(8/pack) WHILE SUPPLIES LAST!!
10 or 10A (yellow): $3.00
312 (brown) 3.00
13 (orange) 3.00
675 (blue) (6/pack) 2.25
Hearing Aid Battery Information
Hearing aid batteries work a little differently from other batteries you may be familiar with. Why? Hearing aids require much more power than other small devices such as a wristwatch, for example. For many years, one of the reasons hearing aids could not be made smaller was due to the power requirements--the size of the battery had to be large.
Most batteries with which you are familiar (such as an alkaline battery) have two different chemicals at the positive and negative side (usually zinc and manganese dioxide) separated by an alkaline electrolyte. Hearing aid batteries now use air as one of the chemicals so that the battery can be filled with the other chemical (zinc), keeping the battery smaller and battery life more reasonable. (Battery life is still quite small--a week or so--compared to that wristwatch!)
How does the air get in there? There are small holes on the positive side of the zinc-air battery to let the air in. When you open a new battery, there is a tab covering those holes to prevent the air from entering until you are ready to use it.
Hearing aid batteries are labeled 1.45 volts, however this voltage is not reached until the air has been inside the cell for 24 hours or so. That is, the voltage immediately after removing the tab probably measures around only 1.1--1.3 volts. After the air has been inside for approximately one minute, the voltage rises enough to power the hearing aid, which fortunately does not require 1.45 volts to operate. So, moral of the story--when you remove the tab, wait a minute before putting it in your hearing aid, otherwise the aid may not function properly.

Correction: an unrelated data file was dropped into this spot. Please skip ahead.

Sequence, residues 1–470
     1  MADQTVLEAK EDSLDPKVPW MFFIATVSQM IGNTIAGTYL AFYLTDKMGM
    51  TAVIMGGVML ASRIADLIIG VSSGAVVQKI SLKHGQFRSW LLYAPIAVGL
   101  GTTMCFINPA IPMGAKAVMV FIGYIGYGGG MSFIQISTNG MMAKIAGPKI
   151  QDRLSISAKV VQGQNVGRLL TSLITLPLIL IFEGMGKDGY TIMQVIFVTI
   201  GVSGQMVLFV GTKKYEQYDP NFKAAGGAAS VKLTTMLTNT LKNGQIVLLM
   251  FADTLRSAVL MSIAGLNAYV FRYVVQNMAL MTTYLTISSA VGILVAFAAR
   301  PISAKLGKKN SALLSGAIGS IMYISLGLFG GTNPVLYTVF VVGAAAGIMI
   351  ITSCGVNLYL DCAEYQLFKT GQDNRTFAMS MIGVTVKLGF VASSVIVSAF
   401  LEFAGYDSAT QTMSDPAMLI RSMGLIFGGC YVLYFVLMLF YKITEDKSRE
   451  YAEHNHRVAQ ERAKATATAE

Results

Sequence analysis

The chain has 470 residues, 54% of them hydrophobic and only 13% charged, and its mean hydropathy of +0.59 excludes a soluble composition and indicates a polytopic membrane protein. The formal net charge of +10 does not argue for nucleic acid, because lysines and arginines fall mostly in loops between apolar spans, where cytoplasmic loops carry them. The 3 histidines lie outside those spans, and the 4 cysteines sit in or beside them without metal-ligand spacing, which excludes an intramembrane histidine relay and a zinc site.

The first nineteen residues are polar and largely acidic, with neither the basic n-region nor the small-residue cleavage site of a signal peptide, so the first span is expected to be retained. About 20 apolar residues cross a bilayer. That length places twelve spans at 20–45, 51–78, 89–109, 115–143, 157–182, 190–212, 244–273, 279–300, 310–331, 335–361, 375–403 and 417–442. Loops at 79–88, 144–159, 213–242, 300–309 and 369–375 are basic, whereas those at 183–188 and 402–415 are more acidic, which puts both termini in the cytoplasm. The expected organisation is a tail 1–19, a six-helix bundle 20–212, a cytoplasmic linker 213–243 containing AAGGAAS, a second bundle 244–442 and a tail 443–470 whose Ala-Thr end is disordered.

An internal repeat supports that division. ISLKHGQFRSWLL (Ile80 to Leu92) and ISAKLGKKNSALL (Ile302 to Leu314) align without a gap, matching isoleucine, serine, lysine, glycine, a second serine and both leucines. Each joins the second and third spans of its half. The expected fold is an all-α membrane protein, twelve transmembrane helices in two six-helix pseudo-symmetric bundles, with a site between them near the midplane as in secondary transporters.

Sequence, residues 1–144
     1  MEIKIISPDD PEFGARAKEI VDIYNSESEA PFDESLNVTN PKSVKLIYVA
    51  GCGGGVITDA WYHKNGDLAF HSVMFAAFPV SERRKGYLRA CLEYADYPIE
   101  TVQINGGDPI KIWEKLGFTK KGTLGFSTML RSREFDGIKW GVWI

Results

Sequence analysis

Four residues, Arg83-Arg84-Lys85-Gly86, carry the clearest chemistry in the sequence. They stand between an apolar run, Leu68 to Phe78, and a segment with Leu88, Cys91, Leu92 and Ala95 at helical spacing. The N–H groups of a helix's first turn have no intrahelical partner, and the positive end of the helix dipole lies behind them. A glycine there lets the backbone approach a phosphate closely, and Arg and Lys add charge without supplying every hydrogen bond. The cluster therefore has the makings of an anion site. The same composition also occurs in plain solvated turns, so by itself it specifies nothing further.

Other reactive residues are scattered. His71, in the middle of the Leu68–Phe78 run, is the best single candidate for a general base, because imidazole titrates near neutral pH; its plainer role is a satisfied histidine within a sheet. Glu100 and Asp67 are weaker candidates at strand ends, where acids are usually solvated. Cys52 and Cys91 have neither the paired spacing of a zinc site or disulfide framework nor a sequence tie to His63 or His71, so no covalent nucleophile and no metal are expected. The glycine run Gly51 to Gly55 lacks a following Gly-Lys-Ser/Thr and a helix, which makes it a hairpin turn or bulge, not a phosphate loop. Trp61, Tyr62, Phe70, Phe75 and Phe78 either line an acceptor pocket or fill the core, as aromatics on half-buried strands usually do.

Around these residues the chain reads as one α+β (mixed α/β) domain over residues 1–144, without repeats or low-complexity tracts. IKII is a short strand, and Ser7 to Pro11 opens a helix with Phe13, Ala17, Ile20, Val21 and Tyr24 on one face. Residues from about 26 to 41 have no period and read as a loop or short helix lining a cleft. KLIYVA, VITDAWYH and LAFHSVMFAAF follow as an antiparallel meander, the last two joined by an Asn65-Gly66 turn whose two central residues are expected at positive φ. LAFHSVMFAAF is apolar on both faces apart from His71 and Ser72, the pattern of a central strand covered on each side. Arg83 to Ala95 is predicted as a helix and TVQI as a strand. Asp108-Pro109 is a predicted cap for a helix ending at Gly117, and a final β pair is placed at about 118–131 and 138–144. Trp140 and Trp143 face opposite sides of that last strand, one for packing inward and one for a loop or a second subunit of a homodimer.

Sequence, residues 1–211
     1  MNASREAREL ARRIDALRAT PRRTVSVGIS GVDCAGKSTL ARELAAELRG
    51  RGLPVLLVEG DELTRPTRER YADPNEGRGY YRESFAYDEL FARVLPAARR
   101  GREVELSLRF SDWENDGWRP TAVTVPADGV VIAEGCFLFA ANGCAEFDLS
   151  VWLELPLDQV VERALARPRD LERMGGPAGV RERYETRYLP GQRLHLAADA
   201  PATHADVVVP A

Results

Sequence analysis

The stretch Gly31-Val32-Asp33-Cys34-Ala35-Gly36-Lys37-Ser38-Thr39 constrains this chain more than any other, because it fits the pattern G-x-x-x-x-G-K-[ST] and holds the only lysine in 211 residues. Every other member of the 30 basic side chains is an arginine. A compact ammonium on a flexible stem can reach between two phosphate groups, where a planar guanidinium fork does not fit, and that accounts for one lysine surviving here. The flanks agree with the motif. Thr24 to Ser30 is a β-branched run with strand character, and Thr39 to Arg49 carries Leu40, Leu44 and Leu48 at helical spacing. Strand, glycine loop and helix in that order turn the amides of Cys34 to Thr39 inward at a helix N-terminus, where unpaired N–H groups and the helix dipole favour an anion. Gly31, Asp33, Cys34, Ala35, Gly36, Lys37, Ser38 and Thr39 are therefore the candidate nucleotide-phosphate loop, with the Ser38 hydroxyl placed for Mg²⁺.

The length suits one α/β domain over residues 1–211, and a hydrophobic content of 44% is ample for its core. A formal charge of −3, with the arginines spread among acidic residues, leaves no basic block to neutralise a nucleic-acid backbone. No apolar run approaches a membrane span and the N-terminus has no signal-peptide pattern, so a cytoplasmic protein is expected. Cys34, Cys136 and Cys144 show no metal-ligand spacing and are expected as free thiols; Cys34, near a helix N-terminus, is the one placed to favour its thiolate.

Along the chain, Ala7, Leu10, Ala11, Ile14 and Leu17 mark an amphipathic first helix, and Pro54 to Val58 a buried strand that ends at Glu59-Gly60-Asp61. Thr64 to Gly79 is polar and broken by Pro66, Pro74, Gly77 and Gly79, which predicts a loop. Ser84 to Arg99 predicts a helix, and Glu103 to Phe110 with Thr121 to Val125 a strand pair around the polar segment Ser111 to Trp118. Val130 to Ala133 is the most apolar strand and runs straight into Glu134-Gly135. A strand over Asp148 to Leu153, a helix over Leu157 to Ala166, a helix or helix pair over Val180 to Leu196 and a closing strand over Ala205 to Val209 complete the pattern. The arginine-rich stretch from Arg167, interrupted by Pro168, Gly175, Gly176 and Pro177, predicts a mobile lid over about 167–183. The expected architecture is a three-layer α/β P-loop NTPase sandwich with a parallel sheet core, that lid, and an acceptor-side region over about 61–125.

Now, the battery does begin to discharge as soon as you let the air in there, so it is best to use the battery consistently after you have removed the tab. Battery performance (and therefore, hearing aid performance) can be affected by temperature and humidity. It is more difficult with more sophisticated hearing aid technology to determine how long your battery will last, for some of the processing that the hearing does in various environments will use more power than if you are sitting in a quiet place, for instance. So, in general, noisier environments will shorten battery life faster than using it in a quiet place. Also, if you are using accessories to stream information to your hearing aids, these will shorten battery life considerably as well.
TIPS FOR HEARING AID BATTERY USAGE
- Store batteries at room temperature, not in the refrigerator or car glove compartment.
- Store them in their original container, not touching each other or loose among metal objects such as coins or keys that can short them.
- Be sure batteries are not stored where infants, children, or pets can reach them and possibly swallow them.
TROUBLESHOOTING POTENTIAL BATTERY PROBLEMS
If your hearing batteries are suddenly not lasting as long, the following may be contributing factors:
- Has your prescription or settings been recently changed? The aid may be requiring more power than previously.
- Has your noise environment changed? Did you recently attend a concert, or for example, go on a vacation in a noisy plane?
- Has it been quite cold or warm recently? If it’s been humid, the battery can take in moisture that can shorten battery life. Dryness can also affect performance, since the battery gives up some of the moisture it needs to function properly.
If you are having battery problems that these questions do not explain, be sure to keep your packaging for use in contacting the manufacturer.